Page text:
The concept of peer production is hardly new to me. Wikipedia and Linux, the most visible examples of peer production, long ago convinced me that intellectual products can be produced by means of a distributed network of individuals working largely without supervision or central control.
But until a couple of weeks ago, when I finally listened to Clay Shirky’s interview on EconTalk (recorded over a year ago), I had a difficult time fitting peer production into my mental models. It’s not that I didn’t understand peer production; it’s that I couldn’t quite integrate it with what I already knew about typical modes of production. Shirky, by invoking the work of Ronald Coase, finally let me put it together.
(Disclaimer: The following doesn’t necessarily represent Shirky’s view; it’s just my take on what he said. Also, I have not read Yochai Benkler's work on this subject. Finally, my conclusions will probably be obvious to some readers -- but to compensate, I promise an example drawn from my work on Fringe!)
The first step is to uncover an assumption hidden in most models of labor supply. The “typical” labor supply curve looks something like Figure 1. This curve represents an individual’s willingness to supply labor. As the figure shows, the individual won’t supply any labor until offered a wage that exceeds some minimum, denoted wo and dubbed the “reservation wage.” This reflects the notion that exerting effort is inherently unpleasant.
But what if labor is not inherently unpleasant? Then the labor supply could look something like Figure 2. Here, we see that even at a wage of zero, the individual willingly supplies some amount of labor. This is obviously true for a variety of activities; I blog for free, for instance. Denote this minimum Lo and dub it the “free labor supply.”
But that’s not the end of the story. Most worthwhile projects will require more labor than any one individual will provide for free. To complete these projects without paying wages, you need to assemble the free supply of many, many individuals. Prior to the modern information age, this certainly happened; think barn-raisings and charity projects. To do it, however, you usually had to get people together in the same place, requiring both transportation and physical space. Information technology has dramatically reduced these transaction costs -- specifically, the costs of coordinating team production. It’s now possible to assemble the free labor supply of thousands of people at much lower cost than before.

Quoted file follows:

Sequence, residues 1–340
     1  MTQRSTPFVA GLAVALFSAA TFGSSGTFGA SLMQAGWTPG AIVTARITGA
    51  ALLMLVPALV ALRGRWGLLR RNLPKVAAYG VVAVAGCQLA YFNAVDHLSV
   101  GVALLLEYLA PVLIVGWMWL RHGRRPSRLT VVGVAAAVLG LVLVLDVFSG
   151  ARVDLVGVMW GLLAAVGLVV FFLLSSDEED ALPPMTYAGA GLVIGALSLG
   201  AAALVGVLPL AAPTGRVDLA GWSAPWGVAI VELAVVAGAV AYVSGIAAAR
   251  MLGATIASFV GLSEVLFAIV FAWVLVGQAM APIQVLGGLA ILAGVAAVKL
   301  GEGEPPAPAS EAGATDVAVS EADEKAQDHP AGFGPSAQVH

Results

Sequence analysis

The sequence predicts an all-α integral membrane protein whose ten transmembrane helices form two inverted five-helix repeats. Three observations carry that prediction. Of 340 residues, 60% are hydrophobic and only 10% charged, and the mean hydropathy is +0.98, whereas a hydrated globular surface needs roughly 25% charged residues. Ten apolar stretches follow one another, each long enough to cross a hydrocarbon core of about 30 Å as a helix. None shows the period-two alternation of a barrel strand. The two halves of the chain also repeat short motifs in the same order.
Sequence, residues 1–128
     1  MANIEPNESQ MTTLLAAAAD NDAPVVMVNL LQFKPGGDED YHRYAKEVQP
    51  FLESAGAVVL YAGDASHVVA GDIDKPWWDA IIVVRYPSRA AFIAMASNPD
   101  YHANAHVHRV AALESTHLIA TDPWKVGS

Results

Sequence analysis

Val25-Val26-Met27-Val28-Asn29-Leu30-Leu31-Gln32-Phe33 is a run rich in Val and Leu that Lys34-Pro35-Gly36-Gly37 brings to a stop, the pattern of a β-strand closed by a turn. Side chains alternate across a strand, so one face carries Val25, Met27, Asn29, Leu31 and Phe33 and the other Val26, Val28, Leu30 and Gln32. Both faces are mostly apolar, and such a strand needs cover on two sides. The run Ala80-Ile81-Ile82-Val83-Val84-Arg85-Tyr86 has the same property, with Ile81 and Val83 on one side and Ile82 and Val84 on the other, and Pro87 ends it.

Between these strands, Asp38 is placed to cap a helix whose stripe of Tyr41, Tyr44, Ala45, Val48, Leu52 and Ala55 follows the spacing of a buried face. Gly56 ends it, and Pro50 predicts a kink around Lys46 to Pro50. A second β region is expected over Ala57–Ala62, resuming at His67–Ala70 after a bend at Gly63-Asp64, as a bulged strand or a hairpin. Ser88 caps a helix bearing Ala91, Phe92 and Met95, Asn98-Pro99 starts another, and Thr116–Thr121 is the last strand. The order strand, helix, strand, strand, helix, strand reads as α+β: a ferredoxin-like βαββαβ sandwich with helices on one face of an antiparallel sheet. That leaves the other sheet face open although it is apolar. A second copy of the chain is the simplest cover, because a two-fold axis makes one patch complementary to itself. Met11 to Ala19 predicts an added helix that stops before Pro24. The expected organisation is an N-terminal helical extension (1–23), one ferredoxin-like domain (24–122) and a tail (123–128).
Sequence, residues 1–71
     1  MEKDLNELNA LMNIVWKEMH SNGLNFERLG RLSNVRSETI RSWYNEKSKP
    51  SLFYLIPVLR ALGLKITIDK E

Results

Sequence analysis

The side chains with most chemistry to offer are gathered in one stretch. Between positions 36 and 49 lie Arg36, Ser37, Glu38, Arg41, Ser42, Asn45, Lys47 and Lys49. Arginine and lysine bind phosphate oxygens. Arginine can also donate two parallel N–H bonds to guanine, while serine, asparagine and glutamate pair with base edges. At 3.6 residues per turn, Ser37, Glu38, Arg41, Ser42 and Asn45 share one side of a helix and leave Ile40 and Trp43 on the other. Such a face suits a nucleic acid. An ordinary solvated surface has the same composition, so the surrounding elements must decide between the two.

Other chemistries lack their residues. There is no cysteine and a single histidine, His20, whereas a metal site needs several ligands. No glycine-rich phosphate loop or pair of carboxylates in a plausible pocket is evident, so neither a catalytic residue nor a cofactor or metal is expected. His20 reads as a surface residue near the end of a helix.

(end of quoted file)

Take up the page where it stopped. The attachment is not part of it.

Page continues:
Thinking of peer production in this way helps to understand its limits. What kind of projects can be done by this method, and which can’t? First, we need to have the kind of project for which people have labor supply curves like Figure 2 -- that is, for which people willingly supply free labor.
Second, the project’s other transaction costs must be sufficiently low. Coordination costs include not just drawing laborers together (physically or virtually), but also making sure their separate efforts mesh properly. The pieces have to fit, so to speak. And this puts a premium on modularity -- the capacity of a task to be broken up into pieces that can function, at least to some degree, on their own. Wikipedia is a nice example: an error or conflict within a single entry (say, Walmart) does not inhibit ongoing work on another entry (say, Target or quantum field theory). I don’t know enough about software programming to give examples there, but my understanding is that it has similarly modular features.
Not every project is of this nature. To take an example from my current livelihood: it’s awfully difficult to write a script in a distributed fashion. Anyone who’s read the results of a tandem writing assignment knows this. Every now and then, time constraints in the Fringe writing office will require us to “gang-bang” a script (yes, that’s actually what we call it): acts and scenes must be divvied up among all the writers to get the script written faster. But this only works because a detailed overall outline has already been written, either by an individual or by a group working in concert.
Moreover, once the individual pieces have been stitched together, the combined script is typically a hairy mess. The tone is inconsistent; some bits of necessary information have been duplicated across scenes; other necessary components have fallen through the cracks. To make the script coherent, a single writer or pair of writers (usually the writer(s) of record on the episode) must go through the script revising, reworking, and rewriting substantially. As Warren Buffett wryly notes, you can’t make a baby in one month by getting nine women pregnant; the same is true of a script. In some cases, I’ve seen a gang-banged script take longer to write than a regular script.
To summarize, peer production works because information technology has reduced the transaction costs that previously had prevented the coordination of large amounts of free labor provided by many individuals. Thus, low transaction costs are the key to peer production. But some kinds of transaction costs remain high, especially for projects that cannot easily be made modular; for those projects, peer production is still not a viable option.